Your Best Self

I was listening to an interview with Jack Canfield, co-author of the Chicken Soup for the Soul series, when he said something interesting.  

“Everyone does the best they can with the awareness, skills, tools, and knowledge they have at the time.”

Thinking back to my first few years teaching, I certainly was doing the best I could with what I had and what I knew.  But 15 years later, thanks to experience and professional development, I know oh so much more about education—about running a classroom, reading students, understanding my own content area, about life.  This got me thinking, if right now we are doing the very best with what we have…how do we make sure we surpass our personal best tomorrow?  How can we continually improve our teaching practice? Here are some thoughts about how to be the best teacher you can be today…and an even better teacher tomorrow.

Feed your mind

The more I read, watch and listen, the more I find to bring into the classroom. Reading books and articles sparks ideas.  Listening to podcasts, watching the news, and even reading Twitter feeds all give me ideas for relevant lessons.  My teaching life is much richer as a result of the time I spend paying attention to the world around me (and the world within books!) when I am not teaching.  I keep a notepad to write down thinking immediately.  I don’t always have time to stop and plan an entire lesson on the spot, but I also don’t want to lose the idea.  Often I am not even reading something I think would be used for class and then bam!  Inspiration strikes.  In fact, the inspiration for this very blog post came from listening to Oprah’s Supersoul Sunday podcast! (I highly recommend this podcast.  I listen to it weekly. I even have used it in the classroom.  Those she interviews are thinkers and innovators in our world. They have done meaningful work. From Phil Jackson to Paulo Coehlo, Nate Berkus to Rainn Wilson—these are great role models for our students!)

Ease your mind

There are unlimited possibilities for our impact in this world.  Just as there are unlimited possibilities for YOUR impact as a teacher.  You never know how or when you are influencing others. Know that even on the hard days you need to be easy on yourself.  You ARE making a difference. Keep a few thank you cards from students in your top drawer for when you need a little reassurance.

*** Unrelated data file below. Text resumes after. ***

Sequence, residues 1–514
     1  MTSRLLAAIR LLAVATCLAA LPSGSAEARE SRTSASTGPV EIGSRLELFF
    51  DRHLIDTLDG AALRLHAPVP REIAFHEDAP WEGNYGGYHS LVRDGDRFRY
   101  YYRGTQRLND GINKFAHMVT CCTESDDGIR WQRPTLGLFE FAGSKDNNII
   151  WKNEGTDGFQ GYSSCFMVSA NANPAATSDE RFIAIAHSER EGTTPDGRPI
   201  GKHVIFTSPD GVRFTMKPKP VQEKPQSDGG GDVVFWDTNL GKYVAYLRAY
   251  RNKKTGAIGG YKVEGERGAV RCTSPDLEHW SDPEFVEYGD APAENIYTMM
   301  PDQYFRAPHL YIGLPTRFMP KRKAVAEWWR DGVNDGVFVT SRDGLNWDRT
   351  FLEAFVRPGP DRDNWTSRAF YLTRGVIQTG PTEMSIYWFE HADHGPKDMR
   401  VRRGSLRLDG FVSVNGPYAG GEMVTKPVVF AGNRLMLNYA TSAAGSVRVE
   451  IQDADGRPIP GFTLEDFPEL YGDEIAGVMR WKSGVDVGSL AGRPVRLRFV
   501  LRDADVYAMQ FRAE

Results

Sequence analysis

Clear your mind

One thing I have learned is that teaching is HARD WORK.  It is even harder when you are all work and no play.  This goes for IN and OUT of the classroom!  First, have fun with your students.  No, you don’t need to wait until Christmas to smile.  They may need that smile NOW more than you even know.  Second, have a life outside of school.  As an English teacher (and an AP one at that!) I know what it means to have an impossible workload.  There is never enough time to prep, plan, score, etc. during my prep period.  There is not even enough time if I come in early and leave school late.  So GO HOME. Do what you can and leave the rest for another day.  Set LIMITS at home.  If you MUST work at home (and let’s face it…we all need to sometimes) set a schedule.  Choose a day and set a time limit.  Then on all other days live your best life without answering emails, making copies on a Saturday, or entering grades.  You’ll be a better teacher if you spend time with your kids, take a bike ride, head to the beach, or binge watch Netflix.  Bonus: You’ll be a happier person, too!

Grow your mind

Lastly, I know many of you think professional development is more of a chore than an inspiration.  However, I have grown MOST as an educator because of professional development. No matter what speaker I hear, or workshop I attend, I leave with new thinking.  I am ignited and energized to head back to the classroom.  Even when I have to be out of the classroom to attend a workshop, my kids are not suffering. They will survive with a sub for a day or two because I have trained them well!  And when I return they feed on my newfound energy and their learning process improves.  When I am trying out new lessons with them, they enjoy my enthusiasm and dedication.  Look for professional development that fits your individual needs.  Seek out Twitter chats and join in!  It is much easier than you think. Find a conference.  Attend a Hart District PD workshop after school.  Read a professional development book. Heck, start a book club on campus! Join the PD team! With new “awareness, skills, tools, and knowledge” your best will get even better.  





  1. Two days ago 55 special ed kids represented Hart at the Museum of the Holocaust. They asked intelligent questions, were well read on the museum and it’s history and they were at their best. I did not even tell the docents they were special ed kids. They were ALL at their best.


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